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Towards circular food systems in Bonn

The recently published report Towards Circular Food Systems in Bonn shows that transitioning to a circular food system offers Bonn a way to achieve substantial waste prevention and to fulfill its long-term strategies of becoming a zero-waste city while also contributing to its aim to become climate-neutral by 2035.

As part of its waste prevention ambition, the City of Bonn is focusing on food waste mitigation and packaging reduction initiatives, as well as campaigns to encourage sustainable consumption that contribute to zero waste. The circular economy offers practical tools to achieve this goal.

Locally, food systems proved to be a relevant entry point to the circular economy as the city´s hinterland is known for its fertile grounds and organic waste accounts  for 55.600 of the 138.000 tons of waste collected each year (opens in a new tab). Applying a circular economy lens to food systems means looking at the full value chain to decrease resource consumption and waste production in a holistic manner.  Circular food systems (opens in a new tab) prioritize regenerative production, favor reuse and sharing practices of food items and packaging, reduce resource inputs and pollution and ensure resource recovery for future uses. As such, they close resource loops and enable cross-sectoral synergies (e.g. with water and energy systems) that contribute to fairer and more resilient food access and support the local food economy. 

The City of Bonn worked with ICLEI to explore the potential of circular food systems in the city. The publication  Towards Circular Food Systems in Bonn (opens in a new tab) presents how more circularity in the city´s food system can contribute to the climate neutrality and zero waste ambitions of the city while supporting the achievement of a number of Sustainable Development Goals (SDGs). 

Bonn has already taken steps to reduce the climate impacts of its food system by joining the network of  Organic Cities (opens in a new tab) (Netzwerk der deutschen Bio-Städte, - Gemeinden und -Landkreise) in 2019. In connection with its membership, the city is increasing the share of organic food in kindergartens, schools and public institutions and is working towards a gradual conversion of the city's agricultural land to organic farming. Together with other networking partners the city is organizing events to inform about locally produced organic food and sustainable consumption, the largest one being the annual “All about sustainability” festival at the central square of the city. The city is also rich in community initiatives that support circularity in food systems from farm to fork, from zero waste shops to farmers markets and community-supported agriculture programs.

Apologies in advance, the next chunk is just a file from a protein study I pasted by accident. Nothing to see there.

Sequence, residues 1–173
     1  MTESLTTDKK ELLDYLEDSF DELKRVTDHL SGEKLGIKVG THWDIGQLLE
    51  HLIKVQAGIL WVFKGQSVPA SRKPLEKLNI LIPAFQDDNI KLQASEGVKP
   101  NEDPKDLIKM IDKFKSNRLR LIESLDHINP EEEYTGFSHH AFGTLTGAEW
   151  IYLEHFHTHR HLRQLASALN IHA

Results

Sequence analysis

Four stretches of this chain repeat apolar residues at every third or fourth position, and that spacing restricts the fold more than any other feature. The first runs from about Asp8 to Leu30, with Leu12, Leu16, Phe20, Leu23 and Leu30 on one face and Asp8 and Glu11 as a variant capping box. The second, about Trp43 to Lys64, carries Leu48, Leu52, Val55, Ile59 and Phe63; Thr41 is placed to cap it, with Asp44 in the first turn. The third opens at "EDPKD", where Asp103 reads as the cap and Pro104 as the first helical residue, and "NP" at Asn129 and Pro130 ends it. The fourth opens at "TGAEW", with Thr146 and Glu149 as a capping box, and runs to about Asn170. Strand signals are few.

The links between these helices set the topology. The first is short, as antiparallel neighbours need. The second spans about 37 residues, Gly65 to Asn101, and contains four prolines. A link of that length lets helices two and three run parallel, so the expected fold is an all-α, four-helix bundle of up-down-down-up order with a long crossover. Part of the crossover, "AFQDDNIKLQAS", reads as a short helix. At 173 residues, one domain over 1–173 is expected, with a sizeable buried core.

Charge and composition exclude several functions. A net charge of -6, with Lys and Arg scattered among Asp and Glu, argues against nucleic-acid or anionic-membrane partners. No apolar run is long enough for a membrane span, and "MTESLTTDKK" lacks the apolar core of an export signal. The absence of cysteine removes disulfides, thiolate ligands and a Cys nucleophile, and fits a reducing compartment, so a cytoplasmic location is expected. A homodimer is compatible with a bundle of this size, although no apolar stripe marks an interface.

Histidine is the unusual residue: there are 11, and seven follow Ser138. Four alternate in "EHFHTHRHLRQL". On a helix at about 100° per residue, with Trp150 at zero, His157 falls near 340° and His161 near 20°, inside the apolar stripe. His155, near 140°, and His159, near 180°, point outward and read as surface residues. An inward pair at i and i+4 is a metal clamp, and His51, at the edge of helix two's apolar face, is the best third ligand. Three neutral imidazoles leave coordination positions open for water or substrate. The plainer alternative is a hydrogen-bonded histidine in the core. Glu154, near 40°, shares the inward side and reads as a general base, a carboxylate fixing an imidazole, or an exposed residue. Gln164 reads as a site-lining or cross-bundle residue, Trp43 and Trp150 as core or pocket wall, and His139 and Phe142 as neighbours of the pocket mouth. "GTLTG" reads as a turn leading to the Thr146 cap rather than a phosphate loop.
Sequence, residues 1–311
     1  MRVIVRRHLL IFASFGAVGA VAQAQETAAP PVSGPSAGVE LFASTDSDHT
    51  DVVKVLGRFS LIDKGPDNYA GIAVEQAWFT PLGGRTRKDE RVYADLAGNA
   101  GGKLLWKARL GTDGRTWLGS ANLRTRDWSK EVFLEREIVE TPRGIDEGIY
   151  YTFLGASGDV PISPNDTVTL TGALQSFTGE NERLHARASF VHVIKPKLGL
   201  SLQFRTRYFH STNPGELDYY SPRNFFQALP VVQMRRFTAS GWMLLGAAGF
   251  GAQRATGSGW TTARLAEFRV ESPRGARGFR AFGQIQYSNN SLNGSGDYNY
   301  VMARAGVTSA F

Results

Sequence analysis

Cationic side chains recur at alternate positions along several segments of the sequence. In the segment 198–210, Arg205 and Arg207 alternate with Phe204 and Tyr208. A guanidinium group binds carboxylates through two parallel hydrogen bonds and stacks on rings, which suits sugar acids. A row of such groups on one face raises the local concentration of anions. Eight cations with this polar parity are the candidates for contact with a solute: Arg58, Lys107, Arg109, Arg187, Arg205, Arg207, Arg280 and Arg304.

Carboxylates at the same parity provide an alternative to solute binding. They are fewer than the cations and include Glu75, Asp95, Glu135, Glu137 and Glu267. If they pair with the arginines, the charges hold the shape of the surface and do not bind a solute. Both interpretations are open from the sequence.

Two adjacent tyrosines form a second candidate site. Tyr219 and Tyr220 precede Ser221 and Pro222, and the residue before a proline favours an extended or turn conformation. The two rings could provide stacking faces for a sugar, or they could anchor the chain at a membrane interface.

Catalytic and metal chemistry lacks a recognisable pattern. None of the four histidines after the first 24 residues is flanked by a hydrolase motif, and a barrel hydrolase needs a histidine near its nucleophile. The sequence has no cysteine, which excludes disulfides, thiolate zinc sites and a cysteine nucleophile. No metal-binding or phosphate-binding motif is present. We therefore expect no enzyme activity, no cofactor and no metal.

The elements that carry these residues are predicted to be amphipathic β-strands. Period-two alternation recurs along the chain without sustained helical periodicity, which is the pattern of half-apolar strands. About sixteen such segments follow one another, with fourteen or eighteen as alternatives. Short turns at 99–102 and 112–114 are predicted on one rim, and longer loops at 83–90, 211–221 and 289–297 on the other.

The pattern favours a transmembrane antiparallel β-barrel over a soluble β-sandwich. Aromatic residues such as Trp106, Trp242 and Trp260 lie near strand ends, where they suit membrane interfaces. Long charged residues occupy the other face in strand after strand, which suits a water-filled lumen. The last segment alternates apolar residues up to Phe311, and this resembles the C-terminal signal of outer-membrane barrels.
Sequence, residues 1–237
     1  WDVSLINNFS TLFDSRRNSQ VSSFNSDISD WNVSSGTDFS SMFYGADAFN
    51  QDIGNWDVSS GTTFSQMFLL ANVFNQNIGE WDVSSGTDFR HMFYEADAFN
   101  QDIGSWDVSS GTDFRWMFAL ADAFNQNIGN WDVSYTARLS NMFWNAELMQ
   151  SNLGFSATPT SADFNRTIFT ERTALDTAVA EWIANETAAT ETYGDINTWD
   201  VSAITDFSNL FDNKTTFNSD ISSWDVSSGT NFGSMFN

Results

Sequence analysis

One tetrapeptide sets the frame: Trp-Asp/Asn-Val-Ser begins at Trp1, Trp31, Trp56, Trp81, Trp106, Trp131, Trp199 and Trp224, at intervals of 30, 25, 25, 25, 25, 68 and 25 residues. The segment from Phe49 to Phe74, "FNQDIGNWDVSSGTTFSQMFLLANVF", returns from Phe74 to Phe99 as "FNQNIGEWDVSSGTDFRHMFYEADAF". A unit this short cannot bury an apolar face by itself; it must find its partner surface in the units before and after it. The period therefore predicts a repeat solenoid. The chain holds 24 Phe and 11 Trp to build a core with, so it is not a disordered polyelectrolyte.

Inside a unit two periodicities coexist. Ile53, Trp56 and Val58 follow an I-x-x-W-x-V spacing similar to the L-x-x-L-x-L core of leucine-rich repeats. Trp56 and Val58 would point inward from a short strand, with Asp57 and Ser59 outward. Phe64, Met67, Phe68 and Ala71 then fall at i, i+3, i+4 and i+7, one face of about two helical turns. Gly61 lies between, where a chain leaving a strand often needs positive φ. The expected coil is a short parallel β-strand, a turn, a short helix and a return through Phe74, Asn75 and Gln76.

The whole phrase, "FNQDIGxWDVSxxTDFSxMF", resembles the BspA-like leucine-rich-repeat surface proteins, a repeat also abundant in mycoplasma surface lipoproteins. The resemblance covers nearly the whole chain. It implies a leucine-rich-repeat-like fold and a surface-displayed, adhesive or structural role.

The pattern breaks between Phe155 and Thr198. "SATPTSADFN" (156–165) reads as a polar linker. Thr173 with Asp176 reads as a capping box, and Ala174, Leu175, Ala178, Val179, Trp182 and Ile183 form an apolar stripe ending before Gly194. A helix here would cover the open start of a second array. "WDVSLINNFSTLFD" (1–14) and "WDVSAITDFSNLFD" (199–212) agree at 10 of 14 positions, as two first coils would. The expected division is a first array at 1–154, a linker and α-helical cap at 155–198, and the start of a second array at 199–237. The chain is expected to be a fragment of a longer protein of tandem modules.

The publication explores best practices of circular food systems in Bonn along the 5 Rs of the  Circular City Actions Framework (opens in a new tab), developed by ICLEI, the Ellen MacArthur Foundation, Circle Economy and Metabolic. For instance, the “Bonn goes reusable” ( “Bonn geht den Mehrweg” (opens in a new tab)) campaign is an example of how cities can support a shift away from disposables through reuse strategies. Since July 2019, the municipal waste management service BonnOrange is working together with representatives from the gastronomy association and deposit system providers to prevent waste from disposable coffee cups, which add up to 40,000 wasted paper cups in Bonn daily, as well as from disposable food containers. Around 153 participating cafés and restaurants offer customers to bring their own refillable cup for their beverages, sometimes with the reward of a discount.

The publication also presents how best practices from cities of the ICLEI Network could be replicated in Bonn to complete the picture. At the same time, Bonn´s circular food systems initiatives offer learnings for other local governments. The city is a member of  Waste Wise Cities (opens in a new tab), an initiative launched by UN Habitat, which supports cities in better understanding how to turn their waste into resources, and of  ICLEI Circulars (opens in a new tab), a platform connecting cities worldwide on the topic of the circular economy.  Through these initiatives, the city of Bonn is exchanging on local circular economy practices with cities across the world.

Internationally, circular food systems are also gaining momentum. One of the objectives of the European Commission´s Farm to Fork strategy, which is at the heart of the European Green Deal, is to support the transition to a circular economy. In September 2021, the UN Secretary-General also convened a  Food Systems Summit (opens in a new tab) as part of the Decade of Action to achieve the Sustainable Development Goals.

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